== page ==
GOOD Attitude vs BAD Attitdue – Is The Right one Driving Your Film Career?

office 2The Difference Between Optimism and Naivety: Having the Right Attitude for Success

As anyone in the industry can tell you, there is a certain attitude that you learn to embody. Some people are born with a natural extroverted need to talk to everyone and schmooze it up whether they’re at the grocery store, or out in a bar. Others find it a little more difficult engaging people at social networking events.

Regardless of your predisposition for professional elbow bumping, the film industry continues to be very much a people industry, and as such, you want to make the right impression. One part of this is basic common sense: Don’t be outrageously egotistical, don’t insult people’s mothers during luncheons, try not to fart in closed spaces if you ate eggs for lunch, etc. The other part is your attitude.

Often times people going into interviews, meetings, or first dates think making a great first impression is the first step, but really there is a step even before that. This “pre-first step” is one of the mental hurdles that keeps shy people from asking for raises, “nice guys” from getting the girl, and great actors from getting great roles. Simply put, this step is your own personal, mental attitude before you even shake your first hand or crack your first smile.

In an industry where an impression can make or break you, and a partnership can start or end over a martini, it’s important to go into any interaction with a predisposition for success. Personally, I like to think of a few great accomplishments I’ve had to get pumped up. Hey if I could jump off a moving train, travel the world, and confront my own mugger I could damn well walk up to this director and introduce myself!

Even if you haven’t tamed lions or climbed mountains you can still prepare yourself in a way that makes sense to you. The fine line is of course not becoming so full of yourself that you sound like a dick and talk only about how great you are. In general, meetings, interviews, and events are a little like a first date; Looks may be important for the role, but on a deeper level, you want them to like you, you want to like them, and if you have to pay for a drink or two that’s fine as long as you’re getting something out of it. Ultimately you want to be friendly, but you also need to know when to cut losses and when to make a move.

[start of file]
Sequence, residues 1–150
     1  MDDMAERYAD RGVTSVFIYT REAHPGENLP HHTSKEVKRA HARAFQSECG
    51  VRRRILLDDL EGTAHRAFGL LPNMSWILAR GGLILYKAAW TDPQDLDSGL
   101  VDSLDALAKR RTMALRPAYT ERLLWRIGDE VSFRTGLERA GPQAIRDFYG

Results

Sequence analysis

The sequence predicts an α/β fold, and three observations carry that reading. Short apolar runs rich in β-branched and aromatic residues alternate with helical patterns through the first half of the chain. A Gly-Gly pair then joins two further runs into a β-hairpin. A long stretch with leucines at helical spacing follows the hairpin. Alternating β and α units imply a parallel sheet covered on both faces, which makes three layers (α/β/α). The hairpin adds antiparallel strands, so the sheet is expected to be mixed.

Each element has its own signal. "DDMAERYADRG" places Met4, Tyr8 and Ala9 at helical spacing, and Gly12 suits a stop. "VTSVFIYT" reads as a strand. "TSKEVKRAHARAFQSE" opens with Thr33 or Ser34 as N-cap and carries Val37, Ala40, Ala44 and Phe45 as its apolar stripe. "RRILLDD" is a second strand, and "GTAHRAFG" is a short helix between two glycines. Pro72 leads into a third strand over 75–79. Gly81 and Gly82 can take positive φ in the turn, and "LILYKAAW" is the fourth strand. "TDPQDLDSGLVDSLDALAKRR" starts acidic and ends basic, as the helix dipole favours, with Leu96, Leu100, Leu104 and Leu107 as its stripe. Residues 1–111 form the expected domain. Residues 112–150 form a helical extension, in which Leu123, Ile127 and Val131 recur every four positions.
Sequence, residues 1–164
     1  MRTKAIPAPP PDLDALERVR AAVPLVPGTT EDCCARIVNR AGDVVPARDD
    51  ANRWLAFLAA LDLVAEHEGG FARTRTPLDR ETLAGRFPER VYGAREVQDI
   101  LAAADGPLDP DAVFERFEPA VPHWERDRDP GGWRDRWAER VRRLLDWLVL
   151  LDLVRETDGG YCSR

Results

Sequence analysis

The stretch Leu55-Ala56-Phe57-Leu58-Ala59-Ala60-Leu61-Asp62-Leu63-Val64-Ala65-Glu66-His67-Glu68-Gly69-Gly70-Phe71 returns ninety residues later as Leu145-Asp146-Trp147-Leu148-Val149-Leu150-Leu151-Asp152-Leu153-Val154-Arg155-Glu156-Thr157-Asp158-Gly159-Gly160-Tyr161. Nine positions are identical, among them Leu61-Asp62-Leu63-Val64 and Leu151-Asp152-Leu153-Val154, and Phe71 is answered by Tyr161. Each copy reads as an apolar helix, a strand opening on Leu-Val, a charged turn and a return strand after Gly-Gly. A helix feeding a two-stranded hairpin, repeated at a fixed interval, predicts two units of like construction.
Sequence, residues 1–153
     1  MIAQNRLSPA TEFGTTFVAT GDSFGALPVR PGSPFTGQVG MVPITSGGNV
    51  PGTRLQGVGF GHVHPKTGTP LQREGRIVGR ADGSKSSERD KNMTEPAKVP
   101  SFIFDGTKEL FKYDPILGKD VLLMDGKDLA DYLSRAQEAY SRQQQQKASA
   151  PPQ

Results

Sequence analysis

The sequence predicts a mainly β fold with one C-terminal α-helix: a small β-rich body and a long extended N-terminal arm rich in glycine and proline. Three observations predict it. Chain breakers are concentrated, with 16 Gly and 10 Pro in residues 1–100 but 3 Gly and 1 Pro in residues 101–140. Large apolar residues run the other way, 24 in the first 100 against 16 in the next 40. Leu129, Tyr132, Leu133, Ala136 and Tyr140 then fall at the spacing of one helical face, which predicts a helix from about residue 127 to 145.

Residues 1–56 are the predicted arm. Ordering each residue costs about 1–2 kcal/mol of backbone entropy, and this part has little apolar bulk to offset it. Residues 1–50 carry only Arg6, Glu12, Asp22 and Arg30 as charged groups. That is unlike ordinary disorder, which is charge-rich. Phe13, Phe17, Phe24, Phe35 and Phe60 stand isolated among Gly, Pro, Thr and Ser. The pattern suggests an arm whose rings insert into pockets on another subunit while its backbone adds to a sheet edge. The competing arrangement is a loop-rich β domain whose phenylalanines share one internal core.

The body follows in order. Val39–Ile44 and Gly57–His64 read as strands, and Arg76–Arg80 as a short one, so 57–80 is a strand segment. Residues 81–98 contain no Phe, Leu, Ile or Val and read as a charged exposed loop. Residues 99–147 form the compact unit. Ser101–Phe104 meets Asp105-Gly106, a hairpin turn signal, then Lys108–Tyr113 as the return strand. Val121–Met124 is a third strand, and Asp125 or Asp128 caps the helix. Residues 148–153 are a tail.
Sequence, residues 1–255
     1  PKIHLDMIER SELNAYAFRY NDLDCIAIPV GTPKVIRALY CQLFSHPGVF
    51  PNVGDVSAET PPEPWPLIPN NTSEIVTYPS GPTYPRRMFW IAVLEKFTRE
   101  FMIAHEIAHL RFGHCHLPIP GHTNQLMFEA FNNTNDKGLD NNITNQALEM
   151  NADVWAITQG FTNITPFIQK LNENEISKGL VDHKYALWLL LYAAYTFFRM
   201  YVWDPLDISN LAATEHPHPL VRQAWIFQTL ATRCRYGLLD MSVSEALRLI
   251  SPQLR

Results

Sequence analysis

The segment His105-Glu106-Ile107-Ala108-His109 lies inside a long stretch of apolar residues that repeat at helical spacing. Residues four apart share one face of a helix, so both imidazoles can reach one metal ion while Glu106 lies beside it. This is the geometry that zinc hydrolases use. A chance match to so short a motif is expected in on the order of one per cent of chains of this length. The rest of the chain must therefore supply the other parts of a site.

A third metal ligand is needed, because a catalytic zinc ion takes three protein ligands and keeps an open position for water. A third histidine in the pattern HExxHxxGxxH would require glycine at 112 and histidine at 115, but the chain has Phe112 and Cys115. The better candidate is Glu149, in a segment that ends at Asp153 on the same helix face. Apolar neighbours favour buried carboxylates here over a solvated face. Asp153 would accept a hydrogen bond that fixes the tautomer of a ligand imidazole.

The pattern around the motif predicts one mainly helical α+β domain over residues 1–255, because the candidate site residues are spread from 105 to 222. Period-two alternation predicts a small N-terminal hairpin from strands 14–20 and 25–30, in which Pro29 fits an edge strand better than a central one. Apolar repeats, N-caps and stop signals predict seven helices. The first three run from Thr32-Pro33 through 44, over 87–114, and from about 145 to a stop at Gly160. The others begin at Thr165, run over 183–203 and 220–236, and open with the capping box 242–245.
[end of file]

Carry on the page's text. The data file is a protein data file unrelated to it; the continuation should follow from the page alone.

Having business cards, or even a personal pitch can be a great way to close on a positive conversation. Inversely, remember if someone doesn’t seem interested, or it seems like you’re not a good fit, there are always more fish in the sea! Don’t get discouraged-just let it slide.

One of the biggest mistakes people make is thinking they can just move to LA, make a million dollars and live the easy life. You will struggle, you will get rejected, and you will have to hustle harder than you have in your life. Do make plans, do try to establish networks, and do be prepared in as many ways as possible.

This is the only industry where you can get turned down for a job because you’re not pretty enough, your hair is too long, or you look like you’re too young. I recently got turned down for a role because I “looked too much like a cool kid.” It was a job demoting attack wrapped in the most unusual of compliments, but at the end of the day I had to take it and just laugh. One of my favorite quotes an agent ever said to me to soften my rejection letter was from Danny DeVito. He went to 200 auditions, and endured rejection after rejection, after rejection. Each time he kept reminding himself “Someone out there is looking for a Danny DeVito.” And sure enough, someone was.

Someone out there may very well be looking for you, but you’ve gotta have the drive to get back up after getting knocked down 199 times, you’ve gotta have the attitude to keep smiling at luncheons, and you’ve gotta have the optimism to say you know what, someone out there is looking for a me.

Corey Max Brenner: Actor, Screenwriter, Stuntman

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